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Lavender & Honey Farm Cheese

I know this blog has been an ode to Baltimore  lately, but hell, if I do nothing else in my time here I might as well try and convince the rest of you what a great place this is. Plus, when I was catching up on Southern Living yesterday I noted that they named Baltimore one of the top ten Southern food cities, so maybe my whole Baltimore-is-not-the-South stance is wrong after all and I should start backpedaling. Maybe.

Anyway, one of the reasons Baltimore stole my heart in the first place is because of the parallels it shares with Durham. I always saw connections, but the more these two cities evolve the more wonderfully similar they become. One such example is the strengthening local, thoughtful, dynamic agriculture scenes. I see farms and collectives popping up all over the place in both cities, and I would be lying if said I wasn’t powerfully moved by it.

The Museum started partnering with Kayam Farm, a local Jewish sustainable farm, about a year ago. Over the course of the past year we’ve worked together in many different ways, and I’ve learned quite a bit from them about biblical farming, sustainable living, and food justice. And, as of Thursday, cheese-making. We had them down for a First Thursday program where they demonstrated the technique for making a simple farmer’s cheese. Dan and I both left that night saying that we would be trying it at home as soon as possible. So yesterday afternoon, we did.

The hardest part of the whole process was waiting for the gallon of milk to come to a boil. Other than that, it was stupid easy. I am a huge fan of recipes that are stupid easy. We flavored half of the cheese with fresh lavender and honey, and I have to say, it was delicious. I now feel empowered to move on to more complex cheeses. Chèvre, anyone?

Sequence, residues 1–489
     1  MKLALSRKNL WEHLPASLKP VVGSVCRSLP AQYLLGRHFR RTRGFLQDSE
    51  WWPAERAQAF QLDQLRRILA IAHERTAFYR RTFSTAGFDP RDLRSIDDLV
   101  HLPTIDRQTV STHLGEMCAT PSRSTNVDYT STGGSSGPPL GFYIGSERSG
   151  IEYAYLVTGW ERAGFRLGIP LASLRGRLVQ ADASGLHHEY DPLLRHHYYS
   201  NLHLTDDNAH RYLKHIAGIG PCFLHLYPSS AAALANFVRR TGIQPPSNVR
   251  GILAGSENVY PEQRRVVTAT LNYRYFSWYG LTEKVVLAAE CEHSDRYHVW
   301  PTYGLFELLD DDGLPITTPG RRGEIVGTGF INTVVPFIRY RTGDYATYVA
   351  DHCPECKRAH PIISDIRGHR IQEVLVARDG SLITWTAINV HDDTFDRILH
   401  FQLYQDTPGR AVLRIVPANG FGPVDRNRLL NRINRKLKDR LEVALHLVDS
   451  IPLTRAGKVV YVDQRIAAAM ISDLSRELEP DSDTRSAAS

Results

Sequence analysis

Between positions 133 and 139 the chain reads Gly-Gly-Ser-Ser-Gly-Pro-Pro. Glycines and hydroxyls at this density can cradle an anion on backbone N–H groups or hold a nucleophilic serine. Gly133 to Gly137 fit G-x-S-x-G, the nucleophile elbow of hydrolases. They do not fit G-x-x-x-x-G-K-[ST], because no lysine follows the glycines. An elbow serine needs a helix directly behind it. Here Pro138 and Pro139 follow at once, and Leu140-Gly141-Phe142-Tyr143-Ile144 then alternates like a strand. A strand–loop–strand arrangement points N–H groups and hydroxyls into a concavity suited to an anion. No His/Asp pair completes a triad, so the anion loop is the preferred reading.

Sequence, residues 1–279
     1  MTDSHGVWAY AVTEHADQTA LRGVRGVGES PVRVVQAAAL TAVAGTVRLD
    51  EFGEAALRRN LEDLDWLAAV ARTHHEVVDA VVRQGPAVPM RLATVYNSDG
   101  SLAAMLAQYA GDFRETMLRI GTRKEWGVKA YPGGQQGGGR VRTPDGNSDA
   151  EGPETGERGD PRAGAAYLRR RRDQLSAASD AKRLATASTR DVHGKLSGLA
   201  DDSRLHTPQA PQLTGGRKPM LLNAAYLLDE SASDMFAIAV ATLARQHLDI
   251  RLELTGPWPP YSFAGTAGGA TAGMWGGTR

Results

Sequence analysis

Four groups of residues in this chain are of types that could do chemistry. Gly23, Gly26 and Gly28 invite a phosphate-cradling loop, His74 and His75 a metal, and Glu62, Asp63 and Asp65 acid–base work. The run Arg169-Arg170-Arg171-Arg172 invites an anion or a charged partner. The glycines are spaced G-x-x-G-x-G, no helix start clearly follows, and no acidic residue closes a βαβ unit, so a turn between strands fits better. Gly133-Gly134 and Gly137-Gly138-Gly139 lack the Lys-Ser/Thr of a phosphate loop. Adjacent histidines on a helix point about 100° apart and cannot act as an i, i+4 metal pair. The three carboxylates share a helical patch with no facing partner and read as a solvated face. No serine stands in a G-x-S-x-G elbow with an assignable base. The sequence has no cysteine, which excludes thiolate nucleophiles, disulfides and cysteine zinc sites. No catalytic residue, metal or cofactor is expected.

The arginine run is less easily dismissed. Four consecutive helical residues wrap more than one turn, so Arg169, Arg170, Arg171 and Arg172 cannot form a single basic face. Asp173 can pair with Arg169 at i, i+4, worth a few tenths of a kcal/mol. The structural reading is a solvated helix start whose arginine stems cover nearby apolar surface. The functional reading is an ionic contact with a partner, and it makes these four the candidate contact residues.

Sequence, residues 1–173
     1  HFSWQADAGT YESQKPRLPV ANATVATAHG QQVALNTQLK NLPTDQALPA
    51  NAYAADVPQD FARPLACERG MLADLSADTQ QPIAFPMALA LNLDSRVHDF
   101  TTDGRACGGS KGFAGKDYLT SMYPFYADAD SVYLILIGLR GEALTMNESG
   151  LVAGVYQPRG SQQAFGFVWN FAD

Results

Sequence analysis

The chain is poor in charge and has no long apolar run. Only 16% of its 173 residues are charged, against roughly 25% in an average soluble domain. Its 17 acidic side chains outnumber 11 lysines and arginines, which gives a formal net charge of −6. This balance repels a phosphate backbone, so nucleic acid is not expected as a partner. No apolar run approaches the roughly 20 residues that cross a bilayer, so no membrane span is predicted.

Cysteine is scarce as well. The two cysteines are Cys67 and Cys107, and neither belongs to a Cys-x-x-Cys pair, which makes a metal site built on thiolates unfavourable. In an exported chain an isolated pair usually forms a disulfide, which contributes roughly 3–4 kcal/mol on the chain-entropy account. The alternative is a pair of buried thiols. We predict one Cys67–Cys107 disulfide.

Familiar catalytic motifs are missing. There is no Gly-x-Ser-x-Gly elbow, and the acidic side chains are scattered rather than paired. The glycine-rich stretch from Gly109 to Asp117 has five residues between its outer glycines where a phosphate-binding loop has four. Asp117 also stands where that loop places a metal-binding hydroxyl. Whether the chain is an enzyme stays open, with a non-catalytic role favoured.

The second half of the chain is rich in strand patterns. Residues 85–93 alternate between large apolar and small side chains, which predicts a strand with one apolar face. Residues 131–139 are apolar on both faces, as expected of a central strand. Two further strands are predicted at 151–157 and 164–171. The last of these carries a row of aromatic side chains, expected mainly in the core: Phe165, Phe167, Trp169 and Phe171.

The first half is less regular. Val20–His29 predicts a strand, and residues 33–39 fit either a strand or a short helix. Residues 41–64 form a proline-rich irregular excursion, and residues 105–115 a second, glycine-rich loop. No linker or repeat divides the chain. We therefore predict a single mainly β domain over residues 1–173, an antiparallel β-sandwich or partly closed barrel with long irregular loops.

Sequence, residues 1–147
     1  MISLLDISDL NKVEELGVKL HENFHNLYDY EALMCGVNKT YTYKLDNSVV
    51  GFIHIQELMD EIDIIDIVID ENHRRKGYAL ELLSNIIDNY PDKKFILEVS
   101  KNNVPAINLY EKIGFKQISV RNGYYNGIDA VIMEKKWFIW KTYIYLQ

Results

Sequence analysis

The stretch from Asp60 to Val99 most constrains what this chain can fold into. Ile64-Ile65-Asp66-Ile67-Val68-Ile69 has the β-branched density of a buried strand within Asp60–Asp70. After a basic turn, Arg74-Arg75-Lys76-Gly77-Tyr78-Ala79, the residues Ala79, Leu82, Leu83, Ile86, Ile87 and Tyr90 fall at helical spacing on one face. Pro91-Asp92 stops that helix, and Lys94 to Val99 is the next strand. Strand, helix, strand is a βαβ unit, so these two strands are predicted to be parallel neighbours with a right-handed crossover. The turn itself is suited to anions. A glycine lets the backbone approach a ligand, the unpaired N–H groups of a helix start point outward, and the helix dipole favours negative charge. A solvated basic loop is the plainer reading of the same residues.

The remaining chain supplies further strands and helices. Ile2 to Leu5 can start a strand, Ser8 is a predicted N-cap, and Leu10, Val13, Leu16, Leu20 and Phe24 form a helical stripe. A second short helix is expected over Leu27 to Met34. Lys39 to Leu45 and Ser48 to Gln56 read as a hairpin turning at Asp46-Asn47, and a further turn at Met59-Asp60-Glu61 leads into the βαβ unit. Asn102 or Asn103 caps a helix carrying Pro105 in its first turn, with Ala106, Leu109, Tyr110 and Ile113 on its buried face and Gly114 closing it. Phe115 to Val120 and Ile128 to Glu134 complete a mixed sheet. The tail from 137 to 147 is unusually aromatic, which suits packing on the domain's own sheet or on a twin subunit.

Ed note: this is what my kitchen looks like, really. It’s small, poorly lit, and messy.

Lavender & Honey Farm Cheese

1 gallon whole milk (or goat’s milk)

1/4 cup white vinegar

Cheese cloth

1 tsp salt

1 tsp fresh lavender, chopped

1 tbsp honey

In a large, non-reactive pot, place your milk over low heat. You want to bring the milk up to almost a boil without scalding it, so it’s important to heat it slowly. This will take what feels like forever. Heat the milk, stirring occasionally, until the pot is hot to the touch. Then you can crank the heat and stir the milk frequently until it begins to boil. When this happens cut the heat and stir in the vinegar. This will cause the curds to separate from the whey.

Line a metal mesh colander with cheese cloth. Pour the whole mixture through, which will catch the curds. We suggest you hold onto the whey- it’s an incredible source of protein and I’ll be posting some whey-related recipes soon! Allow the cheese to drain, tying the cheese cloth around it to promote drainage. When it is moist but not wet, stir in salt. Transfer from the cloth to a small bowl and stir in lavender and honey. Serve or refrigerate for up to a week.

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Honeysuckle & Mulberry Spritzer

Last week, when I was out picking honeysuckle, I stumbled upon a section of the trail that was full of berries. Ankle deep in brush and hands full of honeysuckle, I stopped to stare at the small, deep purple berries. At first, I thought “look, blackberries!” This year has been so warm, it seemed logical that blackberries could have arrived. But I wasn’t sure and didn’t much feel like dying from a poisonous berry, so I tweeted a picture of it, hoping the internet would come through.

As always, they did. Within a few minutes someone had replied that they definitely weren’t blackberries, they were mulberries. Which are not only totally harmless, they’re delicious. Needless to say, I stuffed my bag full of them.

As I walked home, appreciating the burst of honeysuckle scent erupting from my bag every few feet and carefully trying not to squish the berries, I thought about how I could combine the two flavors in a recipe. My mind bounced from jam to sorbet, and finally settled on a cocktail. A light, summery, refreshing yet sweet, incredibly local cocktail. One that I dubbed the “Jones Falls Jammer.”